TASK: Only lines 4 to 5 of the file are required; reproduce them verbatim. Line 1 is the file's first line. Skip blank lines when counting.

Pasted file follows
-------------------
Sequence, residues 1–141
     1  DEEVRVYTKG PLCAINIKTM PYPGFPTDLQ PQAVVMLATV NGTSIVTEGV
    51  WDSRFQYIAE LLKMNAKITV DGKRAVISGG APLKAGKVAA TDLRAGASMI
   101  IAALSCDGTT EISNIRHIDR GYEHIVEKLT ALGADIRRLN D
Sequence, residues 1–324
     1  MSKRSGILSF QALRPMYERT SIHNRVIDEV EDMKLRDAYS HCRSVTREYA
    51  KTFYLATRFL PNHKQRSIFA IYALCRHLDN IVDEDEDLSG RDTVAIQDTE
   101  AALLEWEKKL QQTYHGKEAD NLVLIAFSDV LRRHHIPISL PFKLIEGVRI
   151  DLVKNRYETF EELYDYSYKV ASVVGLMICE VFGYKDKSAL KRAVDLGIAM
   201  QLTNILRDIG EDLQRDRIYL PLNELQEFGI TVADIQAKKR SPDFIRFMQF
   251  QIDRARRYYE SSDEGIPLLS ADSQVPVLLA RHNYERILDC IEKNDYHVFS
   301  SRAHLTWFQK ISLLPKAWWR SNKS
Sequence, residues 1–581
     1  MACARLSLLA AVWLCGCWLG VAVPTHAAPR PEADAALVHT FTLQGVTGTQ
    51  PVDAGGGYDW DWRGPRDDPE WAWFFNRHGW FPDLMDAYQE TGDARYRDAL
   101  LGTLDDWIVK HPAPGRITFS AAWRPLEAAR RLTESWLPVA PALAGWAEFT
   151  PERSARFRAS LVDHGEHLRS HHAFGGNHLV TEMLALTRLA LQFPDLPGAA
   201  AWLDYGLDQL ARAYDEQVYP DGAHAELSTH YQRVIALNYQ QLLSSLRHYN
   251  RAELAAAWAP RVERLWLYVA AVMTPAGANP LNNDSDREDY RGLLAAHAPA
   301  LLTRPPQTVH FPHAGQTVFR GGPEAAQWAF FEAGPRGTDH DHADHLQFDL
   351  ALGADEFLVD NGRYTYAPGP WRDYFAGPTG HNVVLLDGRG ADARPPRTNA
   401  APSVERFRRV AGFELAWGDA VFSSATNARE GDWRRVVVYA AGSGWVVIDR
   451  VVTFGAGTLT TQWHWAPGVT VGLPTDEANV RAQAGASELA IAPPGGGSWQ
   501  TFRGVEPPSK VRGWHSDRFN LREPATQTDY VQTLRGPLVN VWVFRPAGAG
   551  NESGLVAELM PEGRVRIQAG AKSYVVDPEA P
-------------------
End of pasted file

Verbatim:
   101  IAALSCDGTT EISNIRHIDR GYEHIVEKLT ALGADIRRLN D
Sequence, residues 1–324